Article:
How much can one recover after 1 year

Hello everyone, one of the Wohaula members asked how much one could recover after 1 year. Please provide your perspective and share your experience. Thank you.
Admin on September 18 at 11:04 AM in What can you tell me?
I believe that recovery is a personal issue. It depends on two very basic concepts: 1. the severity of one's CVI and 2. Your personal goals and willingness to work. Time is not the defining factor of one's recovery. It's one's personal motivation. What do you want? What are you willing to do to get what you want?
on September 26 at 02:37 AM
2 Answer(s)
When I had my stroke, the word “recovery” meant instant, 100% rebound.  After speaking w/my neurologist, I learned it takes a couple of years to recoup, and at that, stabilize at about 90%-95% like I was before.  He sent me to an OT, I went till the insurance ran out and wasn’t really bouncing back.
 
Although I made efforts to move around, it wasn’t till about a year later, I went to a stroke conference where I found the difference between rehab and recovery.  The speaker said that Rehab is where we learn tasks to recover.  Recovery is what we do at home.  What we learned, we practice-practice-practice every day. It seemed like a big burden on ME, but w/the help of a friend, I started with small tasks and moved to bigger goals.  One thing I did was walk around the block. The block increased to two, then three, etc.  About two years later, I was walking over a mile a day.  Slowly and crookedly, but a mile every day with the assistance of a cane.  Today, another two years later, I can walk about 1.5 miles.  I still carry the cane “just in case”, as my stroke affected my balance and I experience dizziness once in a while.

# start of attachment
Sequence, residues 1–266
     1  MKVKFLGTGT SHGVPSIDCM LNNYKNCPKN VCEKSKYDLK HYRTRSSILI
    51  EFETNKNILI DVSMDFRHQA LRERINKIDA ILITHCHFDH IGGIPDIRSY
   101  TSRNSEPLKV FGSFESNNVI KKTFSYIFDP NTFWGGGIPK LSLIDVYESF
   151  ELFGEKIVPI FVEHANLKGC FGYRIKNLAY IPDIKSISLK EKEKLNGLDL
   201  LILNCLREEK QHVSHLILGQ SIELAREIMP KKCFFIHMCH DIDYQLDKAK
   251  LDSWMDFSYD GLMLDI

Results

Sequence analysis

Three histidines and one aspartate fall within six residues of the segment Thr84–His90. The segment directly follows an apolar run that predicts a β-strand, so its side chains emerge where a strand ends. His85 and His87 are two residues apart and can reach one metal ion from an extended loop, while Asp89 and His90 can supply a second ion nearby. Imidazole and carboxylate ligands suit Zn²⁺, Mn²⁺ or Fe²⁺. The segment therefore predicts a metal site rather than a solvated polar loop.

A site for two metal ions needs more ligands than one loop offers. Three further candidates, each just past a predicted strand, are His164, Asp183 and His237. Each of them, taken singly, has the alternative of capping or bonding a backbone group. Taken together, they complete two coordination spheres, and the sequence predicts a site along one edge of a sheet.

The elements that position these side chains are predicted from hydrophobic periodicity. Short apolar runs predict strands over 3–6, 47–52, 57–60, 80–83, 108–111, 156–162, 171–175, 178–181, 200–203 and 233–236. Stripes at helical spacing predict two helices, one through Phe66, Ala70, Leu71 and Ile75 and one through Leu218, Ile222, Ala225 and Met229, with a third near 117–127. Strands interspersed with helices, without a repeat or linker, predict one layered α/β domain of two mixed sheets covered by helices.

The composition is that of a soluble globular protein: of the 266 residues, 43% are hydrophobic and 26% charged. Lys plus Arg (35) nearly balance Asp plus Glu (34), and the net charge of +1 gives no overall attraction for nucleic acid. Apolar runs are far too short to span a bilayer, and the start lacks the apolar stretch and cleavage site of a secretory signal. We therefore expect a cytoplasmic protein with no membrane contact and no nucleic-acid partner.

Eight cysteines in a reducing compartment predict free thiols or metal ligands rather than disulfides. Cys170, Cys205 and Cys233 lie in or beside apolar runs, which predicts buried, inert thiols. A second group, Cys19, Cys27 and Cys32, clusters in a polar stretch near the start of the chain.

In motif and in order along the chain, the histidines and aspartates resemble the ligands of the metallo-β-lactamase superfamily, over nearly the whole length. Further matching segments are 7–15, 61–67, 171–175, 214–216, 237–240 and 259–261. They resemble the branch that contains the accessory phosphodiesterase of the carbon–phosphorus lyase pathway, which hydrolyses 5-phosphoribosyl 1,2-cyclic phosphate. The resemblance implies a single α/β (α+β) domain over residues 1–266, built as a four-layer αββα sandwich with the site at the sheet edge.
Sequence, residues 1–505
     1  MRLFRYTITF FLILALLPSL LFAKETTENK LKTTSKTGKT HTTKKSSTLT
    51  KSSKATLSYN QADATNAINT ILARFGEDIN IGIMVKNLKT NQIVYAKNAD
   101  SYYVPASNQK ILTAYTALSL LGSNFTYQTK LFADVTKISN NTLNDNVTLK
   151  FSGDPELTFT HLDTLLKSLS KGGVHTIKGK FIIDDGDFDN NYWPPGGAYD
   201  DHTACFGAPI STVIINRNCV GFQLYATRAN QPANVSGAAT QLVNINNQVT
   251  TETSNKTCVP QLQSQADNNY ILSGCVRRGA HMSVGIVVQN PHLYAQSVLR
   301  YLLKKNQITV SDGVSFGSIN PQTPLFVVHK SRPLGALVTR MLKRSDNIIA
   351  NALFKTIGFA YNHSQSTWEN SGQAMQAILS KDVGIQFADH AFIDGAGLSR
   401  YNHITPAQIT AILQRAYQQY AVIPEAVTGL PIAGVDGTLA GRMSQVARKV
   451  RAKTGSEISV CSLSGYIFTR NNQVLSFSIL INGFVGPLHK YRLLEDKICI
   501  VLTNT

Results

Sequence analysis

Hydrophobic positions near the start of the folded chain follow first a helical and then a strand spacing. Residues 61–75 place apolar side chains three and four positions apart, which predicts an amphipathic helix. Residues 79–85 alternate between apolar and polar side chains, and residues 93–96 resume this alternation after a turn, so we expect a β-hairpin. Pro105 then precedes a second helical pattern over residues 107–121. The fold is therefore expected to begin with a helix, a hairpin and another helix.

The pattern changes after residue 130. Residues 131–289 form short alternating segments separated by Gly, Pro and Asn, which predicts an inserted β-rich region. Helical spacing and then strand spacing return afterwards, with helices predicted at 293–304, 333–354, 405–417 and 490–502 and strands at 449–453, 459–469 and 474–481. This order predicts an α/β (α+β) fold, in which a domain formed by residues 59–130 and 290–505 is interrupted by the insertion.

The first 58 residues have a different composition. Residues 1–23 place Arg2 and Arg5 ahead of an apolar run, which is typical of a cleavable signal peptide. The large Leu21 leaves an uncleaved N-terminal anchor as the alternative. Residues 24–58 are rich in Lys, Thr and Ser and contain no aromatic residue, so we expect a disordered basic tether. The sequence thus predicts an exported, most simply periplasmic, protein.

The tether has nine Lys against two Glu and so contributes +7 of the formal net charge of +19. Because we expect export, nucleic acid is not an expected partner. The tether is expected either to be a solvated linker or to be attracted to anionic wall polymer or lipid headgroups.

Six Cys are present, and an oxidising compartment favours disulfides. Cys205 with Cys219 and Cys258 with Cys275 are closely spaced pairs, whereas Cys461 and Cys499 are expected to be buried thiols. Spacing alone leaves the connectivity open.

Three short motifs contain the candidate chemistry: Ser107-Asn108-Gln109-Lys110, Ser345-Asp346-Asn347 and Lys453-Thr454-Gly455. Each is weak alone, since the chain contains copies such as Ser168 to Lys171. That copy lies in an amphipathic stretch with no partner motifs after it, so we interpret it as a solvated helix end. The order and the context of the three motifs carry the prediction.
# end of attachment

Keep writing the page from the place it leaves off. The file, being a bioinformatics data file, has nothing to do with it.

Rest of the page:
The other key to me is acceptance. I had to lay my pride down and admit that right now this is how I am and who I am.  Thanks to people in face-to-face and online groups, I know that I’m not alone, I’ve come to accept how I am and that I cannot undo the stroke.  With that epiphany, I made it my goal to reach out to people who recently had strokes, give some hope, and let them know what I didn’t know in the beginning.
 
Joanne Nakao on October 11 at 10:57 AM
Joanne - I don't think its a matter of "laying down your pride." I do think it is a matter of acceptance of your limitations, your pride will spur you to live your life by doing whatever you can, following your interests and goals. While you may alter some of your activities, you'll till be actively involved.
on April 03 at 12:38 PM
Hi -
 
I would like to provide 2 data points.
 
1) I myself have recovered a lot since the end of year 1. Very significant. I would say probably 50-60% of my recovery was from AFTER year 1.
 
2) If you read the book of Dr Jill Bolte Taylor, the former Harvard Professor who made a complete recovery, she stated that by the end of Year 4, she could not do division. By Year 6, she was still hobbling. In Year 7, she could jump from rock to rock when hiking with friend. By year 8, she is fully back and today, she is leading the neurology program in Indiana University.
 
 
Finally, I would suggest that it is not about how much we recover in the end - it is important - much more important, what we could do to start a new life that is meaningful.
 
Check this out.
 
Hope that helps.
 
Daniel
Jing Gu on September 18 at 11:10 AM Edited
I was informed by my Physiatrist that if "I didn't recover a function in 90-days or 180-days, I probably would never recover that function.

6 years, 7 months, 19 days post-stroke, I began to smell/taste again. A few days later, I began to regain very limited recovery of left hand/wrist volitional control.

This is what I call the "Myth of Limited Time of Recovery" spoken by physicians and healthcare management insurers to justify not providing therapies to patients who request...  more
on April 01 at 06:22 AM
Additional thoughts about recovery lead me to think that the time when you accept yourself, as you are [with whatever functions work], and move forward into your life [being with people, enjoying your grandchildren, going to sporting events, movies, debating politics, reading books, playing games, buying groceries, doing your chores and home projects, thinking about intimacy, not being angry about what you can't do, is when your "real" recovery actually begins. Many survivors reach out to try...  more
on April 01 at 06:46 AM